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There is a new set of drugs called PD-1 (programmed T cell death 1) and PDL-1 (programmed T cell death ligand) inhibitors that unleash the immune system to attack cancer and in so doing are causing great excitement in oncology as potent new therapies. There have been FDA approvals to use these types of agents (fully human anti-PD-1 monoclonal antibodies) to treat melanoma, non-small cell lung cancer (pembrolizumab and nivolumab) and renal cancer (nivolumab). How effective they will be in chronic lymphocytic leukemia (CLL) is still to be determined.
Take Away Points:
- CLL is very effective at hiding from the immune system.
- New therapies that improve the immune system’s ability to find and kill the CLL cells should offer the promise of better results.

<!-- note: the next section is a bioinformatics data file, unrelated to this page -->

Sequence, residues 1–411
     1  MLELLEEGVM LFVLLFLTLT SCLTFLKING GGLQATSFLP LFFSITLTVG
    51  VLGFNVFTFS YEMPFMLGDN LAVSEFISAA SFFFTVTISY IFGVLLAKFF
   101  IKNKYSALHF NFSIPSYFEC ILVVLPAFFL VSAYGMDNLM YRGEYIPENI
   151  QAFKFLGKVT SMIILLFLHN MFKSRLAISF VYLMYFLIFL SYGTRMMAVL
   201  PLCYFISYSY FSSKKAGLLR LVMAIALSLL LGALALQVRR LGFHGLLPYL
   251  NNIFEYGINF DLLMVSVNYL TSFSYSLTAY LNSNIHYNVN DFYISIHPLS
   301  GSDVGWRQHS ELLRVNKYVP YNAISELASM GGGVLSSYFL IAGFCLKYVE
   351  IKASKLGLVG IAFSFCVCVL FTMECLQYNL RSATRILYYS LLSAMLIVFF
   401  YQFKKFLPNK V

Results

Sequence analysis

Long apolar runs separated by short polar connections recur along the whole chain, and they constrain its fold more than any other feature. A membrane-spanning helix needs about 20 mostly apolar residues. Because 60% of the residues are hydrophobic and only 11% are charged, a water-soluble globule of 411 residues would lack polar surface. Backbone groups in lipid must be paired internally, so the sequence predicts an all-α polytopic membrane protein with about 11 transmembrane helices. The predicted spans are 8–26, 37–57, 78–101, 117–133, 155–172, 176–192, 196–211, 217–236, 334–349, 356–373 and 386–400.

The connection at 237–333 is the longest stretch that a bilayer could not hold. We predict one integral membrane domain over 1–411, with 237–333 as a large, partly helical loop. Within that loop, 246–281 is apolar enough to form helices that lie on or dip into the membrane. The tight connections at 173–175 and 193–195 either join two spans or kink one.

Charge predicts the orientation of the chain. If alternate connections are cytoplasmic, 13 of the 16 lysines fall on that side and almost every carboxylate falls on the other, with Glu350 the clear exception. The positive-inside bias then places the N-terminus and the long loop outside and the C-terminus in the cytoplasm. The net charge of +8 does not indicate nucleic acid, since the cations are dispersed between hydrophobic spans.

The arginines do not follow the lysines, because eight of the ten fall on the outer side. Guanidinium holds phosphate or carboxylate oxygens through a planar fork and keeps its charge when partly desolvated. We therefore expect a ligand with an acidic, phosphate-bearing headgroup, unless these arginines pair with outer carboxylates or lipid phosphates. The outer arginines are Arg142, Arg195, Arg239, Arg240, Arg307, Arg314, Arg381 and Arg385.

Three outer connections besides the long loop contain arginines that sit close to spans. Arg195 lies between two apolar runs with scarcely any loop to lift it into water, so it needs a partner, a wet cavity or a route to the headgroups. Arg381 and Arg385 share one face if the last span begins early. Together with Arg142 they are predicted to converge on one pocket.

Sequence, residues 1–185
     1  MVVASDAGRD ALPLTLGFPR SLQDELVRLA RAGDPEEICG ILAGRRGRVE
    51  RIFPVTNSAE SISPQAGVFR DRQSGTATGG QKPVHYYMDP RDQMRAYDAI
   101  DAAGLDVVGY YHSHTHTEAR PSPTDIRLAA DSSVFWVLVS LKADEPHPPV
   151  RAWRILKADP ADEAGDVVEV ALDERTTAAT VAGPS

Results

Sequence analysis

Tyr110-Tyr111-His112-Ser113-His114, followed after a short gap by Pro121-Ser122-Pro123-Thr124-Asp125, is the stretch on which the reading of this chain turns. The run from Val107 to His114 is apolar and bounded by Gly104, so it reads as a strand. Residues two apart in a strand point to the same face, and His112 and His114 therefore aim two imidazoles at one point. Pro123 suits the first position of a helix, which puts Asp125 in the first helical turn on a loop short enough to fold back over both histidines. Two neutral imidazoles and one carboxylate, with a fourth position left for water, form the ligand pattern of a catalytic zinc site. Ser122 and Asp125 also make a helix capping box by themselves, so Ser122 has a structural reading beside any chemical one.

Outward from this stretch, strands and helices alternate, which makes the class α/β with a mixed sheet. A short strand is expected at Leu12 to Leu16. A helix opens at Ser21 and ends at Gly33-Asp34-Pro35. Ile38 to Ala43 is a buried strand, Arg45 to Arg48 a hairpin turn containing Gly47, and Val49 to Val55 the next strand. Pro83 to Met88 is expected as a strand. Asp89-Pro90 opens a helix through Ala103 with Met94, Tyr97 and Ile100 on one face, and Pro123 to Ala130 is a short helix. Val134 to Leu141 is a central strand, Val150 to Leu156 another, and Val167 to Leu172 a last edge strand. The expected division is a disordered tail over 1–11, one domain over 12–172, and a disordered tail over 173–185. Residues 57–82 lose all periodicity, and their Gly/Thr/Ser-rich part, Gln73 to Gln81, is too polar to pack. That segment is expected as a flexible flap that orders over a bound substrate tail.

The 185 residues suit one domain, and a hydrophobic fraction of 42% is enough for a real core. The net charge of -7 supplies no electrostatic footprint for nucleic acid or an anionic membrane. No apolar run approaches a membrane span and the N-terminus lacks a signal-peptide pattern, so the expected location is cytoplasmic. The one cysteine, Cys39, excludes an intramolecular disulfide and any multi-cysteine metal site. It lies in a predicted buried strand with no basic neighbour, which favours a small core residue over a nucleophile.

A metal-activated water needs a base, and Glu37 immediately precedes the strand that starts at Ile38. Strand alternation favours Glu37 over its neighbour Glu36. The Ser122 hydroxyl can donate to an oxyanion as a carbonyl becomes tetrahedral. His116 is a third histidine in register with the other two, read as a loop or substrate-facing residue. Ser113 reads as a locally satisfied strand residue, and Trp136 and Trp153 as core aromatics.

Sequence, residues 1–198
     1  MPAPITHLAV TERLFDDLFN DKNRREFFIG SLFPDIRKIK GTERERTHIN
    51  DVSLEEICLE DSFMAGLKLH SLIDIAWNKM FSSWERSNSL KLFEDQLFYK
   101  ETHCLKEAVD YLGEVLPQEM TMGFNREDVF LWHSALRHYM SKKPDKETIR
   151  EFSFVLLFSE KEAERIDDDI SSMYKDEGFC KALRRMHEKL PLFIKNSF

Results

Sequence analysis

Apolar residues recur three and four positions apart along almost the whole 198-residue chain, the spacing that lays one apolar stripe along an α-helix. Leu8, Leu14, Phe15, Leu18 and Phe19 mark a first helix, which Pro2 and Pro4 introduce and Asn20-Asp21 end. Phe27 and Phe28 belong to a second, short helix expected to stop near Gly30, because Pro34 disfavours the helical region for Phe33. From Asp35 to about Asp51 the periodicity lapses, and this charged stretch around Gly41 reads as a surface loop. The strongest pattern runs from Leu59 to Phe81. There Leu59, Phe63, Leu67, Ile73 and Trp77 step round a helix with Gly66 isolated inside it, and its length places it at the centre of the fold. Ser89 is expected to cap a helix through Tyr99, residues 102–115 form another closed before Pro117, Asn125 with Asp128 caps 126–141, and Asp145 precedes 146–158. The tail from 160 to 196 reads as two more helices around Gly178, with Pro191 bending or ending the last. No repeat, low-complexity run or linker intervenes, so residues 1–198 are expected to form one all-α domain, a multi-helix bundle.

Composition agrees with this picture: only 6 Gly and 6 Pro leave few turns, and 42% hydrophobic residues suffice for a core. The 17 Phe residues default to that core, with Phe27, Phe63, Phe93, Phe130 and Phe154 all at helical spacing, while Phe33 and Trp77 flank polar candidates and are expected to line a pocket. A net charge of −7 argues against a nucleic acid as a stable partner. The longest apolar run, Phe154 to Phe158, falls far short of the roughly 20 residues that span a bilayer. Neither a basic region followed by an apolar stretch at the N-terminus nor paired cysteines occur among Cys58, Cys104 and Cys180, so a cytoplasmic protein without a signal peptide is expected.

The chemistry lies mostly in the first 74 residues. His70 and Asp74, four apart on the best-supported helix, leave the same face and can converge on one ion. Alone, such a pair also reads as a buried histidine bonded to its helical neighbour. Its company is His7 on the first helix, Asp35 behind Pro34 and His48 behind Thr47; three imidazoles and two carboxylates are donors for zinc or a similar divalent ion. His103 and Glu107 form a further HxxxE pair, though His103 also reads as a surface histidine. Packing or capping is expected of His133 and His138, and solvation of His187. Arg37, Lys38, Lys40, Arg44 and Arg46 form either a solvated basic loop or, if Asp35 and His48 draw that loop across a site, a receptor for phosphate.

- Trials using these approaches can be found, including these three on the website Clinicaltrials.gov and one interesting trial we mentioned here on our website lead by Dr. Nitin Jain from MD Anderson Cancer Center.
Since CLL is a disease of the immune system and the only cure for CLL has been accomplished by importing a new immune system through a high-risk allogeneic (genetically dissimilar because the cells are from someone else and hence immunologically incompatible) hematopoietic (blood-forming) stem cell (or bone marrow) transplant, it makes good sense to explore using these new drugs in CLL, as they already have had success in solid tumors.
Keep in mind that these trials are very early in development and the very early data presented at ASCO 2015 demonstrated good results in Hodgkin’s Lymphoma, but not so much in other lymphomas.
Dr. John Pagel with the Swedish Hospital in Seattle, WA is both a transplanter and a CLL expert, so he understands the immune risks and benefits of this type of therapy.
Please listen to our interview from iwCLL 2015 held in Sydney Australia.
Brian Koffman, MD 1/4/16